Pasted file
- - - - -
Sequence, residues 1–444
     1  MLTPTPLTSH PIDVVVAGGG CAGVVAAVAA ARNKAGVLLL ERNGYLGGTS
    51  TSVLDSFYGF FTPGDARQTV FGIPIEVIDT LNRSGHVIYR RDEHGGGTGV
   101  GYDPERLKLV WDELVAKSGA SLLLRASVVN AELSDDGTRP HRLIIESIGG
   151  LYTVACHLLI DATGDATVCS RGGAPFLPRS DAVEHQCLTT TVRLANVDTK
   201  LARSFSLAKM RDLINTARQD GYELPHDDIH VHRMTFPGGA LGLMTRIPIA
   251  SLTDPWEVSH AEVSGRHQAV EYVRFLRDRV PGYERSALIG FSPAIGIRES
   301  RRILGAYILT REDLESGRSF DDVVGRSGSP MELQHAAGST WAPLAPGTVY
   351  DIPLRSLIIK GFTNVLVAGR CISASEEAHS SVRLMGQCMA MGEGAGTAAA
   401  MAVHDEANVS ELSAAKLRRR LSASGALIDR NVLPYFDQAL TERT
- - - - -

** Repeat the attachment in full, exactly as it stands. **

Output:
Sequence, residues 1–444
     1  MLTPTPLTSH PIDVVVAGGG CAGVVAAVAA ARNKAGVLLL ERNGYLGGTS
    51  TSVLDSFYGF FTPGDARQTV FGIPIEVIDT LNRSGHVIYR RDEHGGGTGV
   101  GYDPERLKLV WDELVAKSGA SLLLRASVVN AELSDDGTRP HRLIIESIGG
   151  LYTVACHLLI DATGDATVCS RGGAPFLPRS DAVEHQCLTT TVRLANVDTK
   201  LARSFSLAKM RDLINTARQD GYELPHDDIH VHRMTFPGGA LGLMTRIPIA
   251  SLTDPWEVSH AEVSGRHQAV EYVRFLRDRV PGYERSALIG FSPAIGIRES
   301  RRILGAYILT REDLESGRSF DDVVGRSGSP MELQHAAGST WAPLAPGTVY
   351  DIPLRSLIIK GFTNVLVAGR CISASEEAHS SVRLMGQCMA MGEGAGTAAA
   401  MAVHDEANVS ELSAAKLRRR LSASGALIDR NVLPYFDQAL TERT